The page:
Tips for Growing Milkweed from Seed
One of the best ways to attract monarch butterflies to your garden and help reverse their declining numbers is to plant milkweed. In addition to providing nectar for numerous other species of pollinators, milkweed is the host plant for monarchs. This means milkweed provides the baby food for baby butterflies (caterpillars). Since a hungry monarch caterpillar increases its body mass about 2000 times as it grows, the more milkweed you have, the better!
Growing milkweeds from seed is a great (and economical) way to add more of these critically needed plants to your landscape and perhaps even produce some extra seedlings to share with friends. While there are 73 species of milkweed in the United States, the founder and director of Monarch Watch, Dr. Chip Taylor, states “about four of these species – Asclepias incarnata (swamp milkweed), Asclepias syriaca (common milkweed), Asclepias tuberosa (butterfly weed) and Asclepias viridis (green antelope horn) – sustain 98% of the eastern population of monarchs.”
Sow True Seeds currently offers three of these species, butterfly weed, common milkweed and swamp milkweed. Many butterfly habitat gardeners, including Nina Veteto of the Asheville based nonprofit organization, Monarch Rescue, report that monarchs typically prefer to lay their eggs on the common milkweed.
One of Sow True Seeds’ local seed producers, Kim Bailey from Fruitland, NC, conducted an experiment this spring to test different stratification times and techniques before sowing common milkweed seeds. Stratification is a process of treating seeds prior to sowing in order to trigger or improve germination. Kim has been an avid butterfly gardener for over 20 years and knows what has worked for her in the past, but was curious to test other methods.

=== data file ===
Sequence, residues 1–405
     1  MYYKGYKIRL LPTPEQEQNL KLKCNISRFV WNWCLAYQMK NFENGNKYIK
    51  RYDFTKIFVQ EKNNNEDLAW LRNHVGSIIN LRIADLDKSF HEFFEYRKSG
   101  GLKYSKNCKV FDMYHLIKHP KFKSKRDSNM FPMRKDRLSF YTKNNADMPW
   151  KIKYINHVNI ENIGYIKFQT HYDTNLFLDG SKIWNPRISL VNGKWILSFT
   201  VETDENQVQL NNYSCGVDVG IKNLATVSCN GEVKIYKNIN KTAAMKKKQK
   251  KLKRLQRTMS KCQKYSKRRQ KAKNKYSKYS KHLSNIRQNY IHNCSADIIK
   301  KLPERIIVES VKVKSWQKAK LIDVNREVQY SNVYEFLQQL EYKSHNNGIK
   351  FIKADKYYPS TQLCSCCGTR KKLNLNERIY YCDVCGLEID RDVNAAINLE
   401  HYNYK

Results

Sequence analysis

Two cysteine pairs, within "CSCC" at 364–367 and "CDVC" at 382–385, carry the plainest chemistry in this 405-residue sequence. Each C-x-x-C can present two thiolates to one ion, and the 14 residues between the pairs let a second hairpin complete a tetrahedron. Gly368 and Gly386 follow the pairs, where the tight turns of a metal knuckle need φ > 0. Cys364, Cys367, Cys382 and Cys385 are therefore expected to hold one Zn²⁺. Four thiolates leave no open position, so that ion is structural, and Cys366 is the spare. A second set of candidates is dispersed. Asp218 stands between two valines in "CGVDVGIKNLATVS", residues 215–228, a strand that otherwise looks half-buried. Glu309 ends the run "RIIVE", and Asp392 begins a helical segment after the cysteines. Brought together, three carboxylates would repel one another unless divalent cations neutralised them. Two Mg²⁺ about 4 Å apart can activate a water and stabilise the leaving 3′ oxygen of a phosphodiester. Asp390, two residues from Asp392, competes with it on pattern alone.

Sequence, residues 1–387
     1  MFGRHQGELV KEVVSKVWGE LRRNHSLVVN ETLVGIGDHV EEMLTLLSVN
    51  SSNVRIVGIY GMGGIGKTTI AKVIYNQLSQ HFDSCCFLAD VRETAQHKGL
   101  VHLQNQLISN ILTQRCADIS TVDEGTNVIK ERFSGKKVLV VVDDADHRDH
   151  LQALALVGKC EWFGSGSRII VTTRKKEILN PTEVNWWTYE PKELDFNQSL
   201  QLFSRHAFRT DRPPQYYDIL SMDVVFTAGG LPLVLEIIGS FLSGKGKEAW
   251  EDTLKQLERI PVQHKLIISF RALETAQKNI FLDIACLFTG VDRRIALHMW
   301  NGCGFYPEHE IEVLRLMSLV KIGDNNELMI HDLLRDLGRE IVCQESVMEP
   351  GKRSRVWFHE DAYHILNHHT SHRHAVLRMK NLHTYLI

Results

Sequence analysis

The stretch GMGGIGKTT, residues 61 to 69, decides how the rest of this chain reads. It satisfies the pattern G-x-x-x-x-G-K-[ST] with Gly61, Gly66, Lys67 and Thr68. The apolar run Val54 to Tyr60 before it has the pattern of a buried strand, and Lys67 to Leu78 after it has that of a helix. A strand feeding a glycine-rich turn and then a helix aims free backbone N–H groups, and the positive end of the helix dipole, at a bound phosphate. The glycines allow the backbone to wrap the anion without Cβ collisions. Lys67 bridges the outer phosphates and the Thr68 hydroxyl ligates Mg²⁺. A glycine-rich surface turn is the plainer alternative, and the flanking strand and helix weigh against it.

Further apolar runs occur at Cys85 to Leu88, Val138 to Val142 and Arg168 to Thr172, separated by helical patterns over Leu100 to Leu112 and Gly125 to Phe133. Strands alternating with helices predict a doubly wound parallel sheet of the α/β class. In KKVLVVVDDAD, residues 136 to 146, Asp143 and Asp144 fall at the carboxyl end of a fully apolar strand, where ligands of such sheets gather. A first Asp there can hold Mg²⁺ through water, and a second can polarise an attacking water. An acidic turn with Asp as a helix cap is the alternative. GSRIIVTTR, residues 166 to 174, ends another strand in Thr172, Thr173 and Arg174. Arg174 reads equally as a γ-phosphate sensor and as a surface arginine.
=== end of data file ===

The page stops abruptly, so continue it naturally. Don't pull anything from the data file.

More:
As an environmental educator, she also wanted to create a model science investigation for the teachers she works with. Kim used dry milkweed seeds (as you’d receive in a packet of seeds you purchased) for the control group. For the variables, she mixed milkweed seeds with damp vermiculite and stored them in the refrigerator for 4, 6, and 8 weeks. She also stored packets of dry seeds in the refrigerator for 8 weeks and one in the freezer for 8 weeks. In addition, she put a set of seeds stored in damp vermiculite in the freezer for 8 weeks. Finally, she tried storing seeds wrapped in a damp paper towel in the refrigerator for 8 weeks. Kim planted 50 seeds from each group on March 14, 2015. Seeds were sown in 5 rows of 10 per container, then lightly covered with soil, and placed indoors under grow lights.
Here are the initial results, just 1 week after sowing …
And the final results, 2 ½ weeks after sowing …
Clearly, cold-moist stratification in the refrigerator (whether seeds were stored in damp vermiculite or a damp paper towel) for 4-8 weeks, produced the best germination results. As with most experiments, the results often generate more questions. Kim is now interested in testing whether or not milkweed seed can be successfully pre-stratified then stored dry (and for how long?) then successfully germinated.
As of early June, some of these same tiny milkweed seedlings that were transplanted into larger containers are now about a foot tall.
Incidentally, the parent plants that produced these seeds in the fall of 2014, were visited by a monarch butterfly who flew all the way from Mexico to lay 96 eggs on their leaves on April 22, 2015.
OK, do you need any more motivation to plant milkweed, than this?! The eggs were then collected and distributed to local teachers and other educators to rear and release.
Kim kept just two eggs that completed their life cycle from egg to caterpillar to chrysalis to adult over the next month and were released over Memorial Day weekend, under the very curious and careful watch of her pup, Mason!
Simple Steps from Packet to Plant
You’ve got all excited and order your seeds. They arrive. You are excited all over again.
You need to stratify your seeds. Here you have two options:
- If you are early enough in ordering your seeds, you can trust to nature and sow your seeds in early spring and let the natural cold period break the dormancy of the seed.
- If you are too late (the weather has warmed up) or you think mice, rats, rabbits, birds, tornadoes, floods and drought will get to your seeds then you can ‘force stratify’ your seeds. In this case you can see from Kim Bailey’s experiments that you will get the best germination if you stratify your seeds in the refrigerator for eight weeks, either folded into a wet paper towel or mixed in with damp vermiculite.
If you went natural then wait and see. Milkweed will begin to grow as it warms up. If you artificially stratified then you’ll want to plant the seeds once you remove them from the fridge. You can either direct sow them at this point, or you could plant them in pots and transplant later (as Kim Bailey chose to do).
Now it is up to the Monarchs!
Good luck to you and the butterflies